Two decades ago when Detroit was digging itself deeper into economic morass and facing the most devastating economic realities only few could imagine the city triggering an educational “gold rush” by universities.
What was seemingly impossible then is now a reality as several of the state’s notable universities have joined the Detroit turnaround bandwagon, vying for a strong foothold in the city. Some that are already established with offices or satellite campuses are enhancing their presence because they view the growth of Michigan’s largest city as crucial to their own success.
From the University of Michigan, Michigan State and Eastern Michigan to Central Michigan universities the trend is now to have a city-based center through which the institutions can, among other things, engage in Detroit-focused research.
The University of Michigan, for example, which opened its Detroit site in 2005, recently launched a review of the center to assess future potential of the university’s impact on and opportunities in the city. The result of that review — coming at a time when the school, founded in the city in 1817, is celebrating its bicentennial — will determine the university’s Detroit strategy moving forward, according to Mark Schlissel, president of the university whose footprint includes a campus in Dearborn.
“The greatest opportunities for UM to have a positive impact on Detroit will emerge from collaborations involving our faculty and students with Detroit’s government and community leaders to achieve mutual benefits, discover new knowledge and create new educational opportunities in ways that we could not do alone,” Schlissel said.
Schlissel cited Poverty Solutions as an example of an initiative aimed at cultivating action-based research partnerships with local stakeholders and policymakers around poverty. UM also has Semester in Detroit, a program that allows students to live, work and study in the city as part of their coursework.
According to the latest winter enrollment numbers, UM had 2,628 undergraduate students from Wayne County, and last fall 681 undergraduate students came from Detroit.
Michigan State University opened its Detroit site in 2009 that houses several programs including nutrition, financial literacy, anger management, a community music school and admissions offices. In July, the university will mark the 100-year anniversary of its first extension program in Wayne County known as the MSU Cooperative Extension, which also conducts programs in the city.
“Detroit is extremely important to Michigan State. It’s where a large proportion of our students, alumni and other stakeholders live. It’s also a focus for many of Michigan’s and society’s greatest challenges and opportunities, which become points of engagement for our faculty and students,” MSU president Lou Anna Simon said.
“It’s not about putting out signs or building structures but building partnerships whether we’re talking about training MSU doctors, supporting student internships or helping prepare Detroit kids for college or careers,” Simon said.
“Our College of Education partners extensively with DPS. Our College of Osteopathic Medicine operates a medical school at the DMC. Our Product Center is delivering small business counseling. It all flows from our land-grant heritage, which stresses engagement in Michigan communities.”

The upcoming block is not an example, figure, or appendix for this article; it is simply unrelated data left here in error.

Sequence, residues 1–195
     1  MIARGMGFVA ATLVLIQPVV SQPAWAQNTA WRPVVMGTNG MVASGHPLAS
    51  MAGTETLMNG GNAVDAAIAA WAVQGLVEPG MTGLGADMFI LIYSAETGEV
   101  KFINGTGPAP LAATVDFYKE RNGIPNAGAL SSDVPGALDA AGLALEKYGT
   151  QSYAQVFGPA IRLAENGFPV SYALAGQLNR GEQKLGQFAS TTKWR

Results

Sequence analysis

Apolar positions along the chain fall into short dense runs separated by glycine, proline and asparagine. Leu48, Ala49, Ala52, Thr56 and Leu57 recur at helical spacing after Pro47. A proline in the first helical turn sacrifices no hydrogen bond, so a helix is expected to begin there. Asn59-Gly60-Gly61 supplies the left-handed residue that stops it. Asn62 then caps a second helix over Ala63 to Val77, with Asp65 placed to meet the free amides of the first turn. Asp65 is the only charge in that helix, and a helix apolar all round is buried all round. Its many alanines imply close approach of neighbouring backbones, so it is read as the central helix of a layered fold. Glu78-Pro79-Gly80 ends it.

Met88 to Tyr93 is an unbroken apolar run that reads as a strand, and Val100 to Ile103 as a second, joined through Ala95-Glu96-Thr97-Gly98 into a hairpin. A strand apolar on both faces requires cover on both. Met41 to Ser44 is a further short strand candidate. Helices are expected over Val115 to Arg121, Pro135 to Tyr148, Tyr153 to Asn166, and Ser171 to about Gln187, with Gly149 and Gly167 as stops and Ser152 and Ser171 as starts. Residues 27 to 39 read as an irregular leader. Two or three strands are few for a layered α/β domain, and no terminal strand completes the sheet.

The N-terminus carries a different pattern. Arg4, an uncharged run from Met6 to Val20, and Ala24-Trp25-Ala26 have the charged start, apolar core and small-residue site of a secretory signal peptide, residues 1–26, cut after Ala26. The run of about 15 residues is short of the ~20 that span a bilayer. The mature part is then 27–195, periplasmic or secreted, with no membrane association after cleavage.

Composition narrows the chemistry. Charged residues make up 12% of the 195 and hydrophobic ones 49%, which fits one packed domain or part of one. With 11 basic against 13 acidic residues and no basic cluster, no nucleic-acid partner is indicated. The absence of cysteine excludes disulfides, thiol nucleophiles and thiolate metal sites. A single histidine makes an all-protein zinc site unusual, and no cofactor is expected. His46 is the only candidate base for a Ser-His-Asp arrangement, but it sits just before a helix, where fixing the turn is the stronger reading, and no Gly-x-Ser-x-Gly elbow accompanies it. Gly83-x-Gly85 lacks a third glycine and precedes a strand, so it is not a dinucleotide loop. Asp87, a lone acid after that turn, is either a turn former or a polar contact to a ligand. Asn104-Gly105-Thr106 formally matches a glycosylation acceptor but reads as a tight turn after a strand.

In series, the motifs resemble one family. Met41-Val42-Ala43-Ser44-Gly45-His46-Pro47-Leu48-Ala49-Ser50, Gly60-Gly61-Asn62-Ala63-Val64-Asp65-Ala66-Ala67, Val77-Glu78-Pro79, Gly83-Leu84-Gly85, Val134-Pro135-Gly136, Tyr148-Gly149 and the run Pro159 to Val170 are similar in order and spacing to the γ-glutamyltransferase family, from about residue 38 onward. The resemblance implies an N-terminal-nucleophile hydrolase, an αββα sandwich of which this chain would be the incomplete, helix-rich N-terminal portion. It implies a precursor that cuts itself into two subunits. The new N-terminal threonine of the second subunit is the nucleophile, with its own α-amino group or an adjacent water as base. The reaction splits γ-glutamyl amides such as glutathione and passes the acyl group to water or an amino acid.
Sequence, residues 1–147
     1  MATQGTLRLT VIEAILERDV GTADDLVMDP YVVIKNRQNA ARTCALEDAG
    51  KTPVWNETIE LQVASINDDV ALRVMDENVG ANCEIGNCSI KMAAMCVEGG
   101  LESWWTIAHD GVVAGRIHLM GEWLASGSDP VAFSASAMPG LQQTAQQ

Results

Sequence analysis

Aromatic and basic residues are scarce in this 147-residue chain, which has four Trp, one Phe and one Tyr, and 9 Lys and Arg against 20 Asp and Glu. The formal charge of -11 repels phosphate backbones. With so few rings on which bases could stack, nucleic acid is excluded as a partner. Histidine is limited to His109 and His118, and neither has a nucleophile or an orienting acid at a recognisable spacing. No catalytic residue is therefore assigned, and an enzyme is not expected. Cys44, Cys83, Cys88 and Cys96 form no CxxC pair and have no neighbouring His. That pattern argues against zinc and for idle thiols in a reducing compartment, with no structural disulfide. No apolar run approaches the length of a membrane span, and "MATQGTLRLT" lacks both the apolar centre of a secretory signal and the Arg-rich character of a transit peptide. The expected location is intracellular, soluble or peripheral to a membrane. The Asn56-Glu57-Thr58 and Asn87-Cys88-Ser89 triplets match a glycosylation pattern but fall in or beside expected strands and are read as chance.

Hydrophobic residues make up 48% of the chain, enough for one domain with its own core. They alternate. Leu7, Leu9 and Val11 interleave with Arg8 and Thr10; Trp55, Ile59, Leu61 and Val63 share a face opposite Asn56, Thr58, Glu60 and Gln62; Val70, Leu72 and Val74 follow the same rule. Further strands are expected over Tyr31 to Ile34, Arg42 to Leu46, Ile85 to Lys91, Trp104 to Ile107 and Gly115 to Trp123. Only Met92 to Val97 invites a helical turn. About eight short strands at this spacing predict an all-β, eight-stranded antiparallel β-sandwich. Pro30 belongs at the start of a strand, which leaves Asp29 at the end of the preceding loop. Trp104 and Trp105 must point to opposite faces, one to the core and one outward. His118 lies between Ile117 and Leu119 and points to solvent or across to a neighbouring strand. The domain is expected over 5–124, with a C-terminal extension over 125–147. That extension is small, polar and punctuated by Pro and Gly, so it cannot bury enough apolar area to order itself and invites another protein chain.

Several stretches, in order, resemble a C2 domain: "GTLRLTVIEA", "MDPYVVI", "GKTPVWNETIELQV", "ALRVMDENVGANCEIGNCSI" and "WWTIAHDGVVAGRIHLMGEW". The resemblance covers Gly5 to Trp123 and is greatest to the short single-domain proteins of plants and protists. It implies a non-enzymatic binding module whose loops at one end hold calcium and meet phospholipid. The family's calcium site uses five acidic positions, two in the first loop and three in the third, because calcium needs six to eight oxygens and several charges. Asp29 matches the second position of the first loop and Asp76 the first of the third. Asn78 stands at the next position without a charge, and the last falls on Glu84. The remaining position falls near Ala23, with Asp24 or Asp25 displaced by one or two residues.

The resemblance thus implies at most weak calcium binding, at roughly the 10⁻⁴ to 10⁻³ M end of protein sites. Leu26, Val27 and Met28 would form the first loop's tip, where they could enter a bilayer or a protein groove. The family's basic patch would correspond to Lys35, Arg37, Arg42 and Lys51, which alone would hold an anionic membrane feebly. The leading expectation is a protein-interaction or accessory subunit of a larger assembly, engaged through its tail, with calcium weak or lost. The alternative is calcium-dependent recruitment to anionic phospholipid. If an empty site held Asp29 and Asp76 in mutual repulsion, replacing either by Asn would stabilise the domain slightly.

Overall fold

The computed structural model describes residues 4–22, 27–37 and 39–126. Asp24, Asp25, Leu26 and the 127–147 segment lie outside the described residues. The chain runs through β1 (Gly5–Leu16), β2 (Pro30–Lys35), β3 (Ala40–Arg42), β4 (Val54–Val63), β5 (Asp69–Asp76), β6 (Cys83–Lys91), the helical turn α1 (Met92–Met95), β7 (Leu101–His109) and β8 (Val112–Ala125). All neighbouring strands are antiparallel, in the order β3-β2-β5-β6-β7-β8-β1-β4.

Simon said MSU has already stepped up its Detroit engagement in the last 18 months and plans to roll out another program this summer. The university last fall had an enrollment of 5,169 undergraduates from Wayne County.
“Over the last 18 months, MSU established the Institute for Advanced Composite Manufacturing Innovation in Corktown and the Popoff Health Clinic on the east side. This summer the MSU Broad College of Business is starting the MSU Executive MBA program at the Detroit Medical Center,” Simon explained. “Right now we are working with the city to establish the Detroit Center for Urban Food and Forestry Systems, a research and extension center on the northwest side.”
MSU is also working to establish a Science Gallery Lab Detroit to engage young people in science and the arts.
For Central Michigan University, its downtown Detroit office is one of six locations in the Metro area.
“The rebirth of Detroit is pivotal to our state and our institution is committed to playing a role in that. CMU and its students will continue their longstanding partnership to the city, its residents and businesses,” president George E. Ross said.
Ross said CMU also wants to forge deep corporate partnerships in the area.
“CMU has an extraordinary partnership with Quicken Loans. About 60 students conduct internships with the company each summer and more than 220 of its employees are CMU graduates,” Ross said.
James M. Smith, the president of Eastern Michigan University, said that university’s Detroit office is part of its ongoing commitment to serving the city.
“Our linkage to Detroit is long term and permanent and we continue to look for opportunities to expand our work, relationships with Detroit, its young people and its community and business leadership,” Smith said. “As part of our EMU commitment to the Detroit Promise we agreed to supply five additional EMU full scholarships.”
EMU also has several initiatives involving DPS which includes preparing students for careers in teaching.
Simply put, Detroit is now a university town and the hope is that this university influx will help in addressing the knowledge and skill gap that is often blamed for the high rate of unemployment in the city.
The image of universities as ivory towers runs counter to the challenges and demands of today’s multifaceted and interconnected communities. So it is instructive that these public universities are increasingly investing in Michigan’s largest urban center.
The writer hosts “Redline with Bankole Thompson,” which is broadcast at noon weekdays on Super Station 910AM. This column appears Mondays and Thursdays.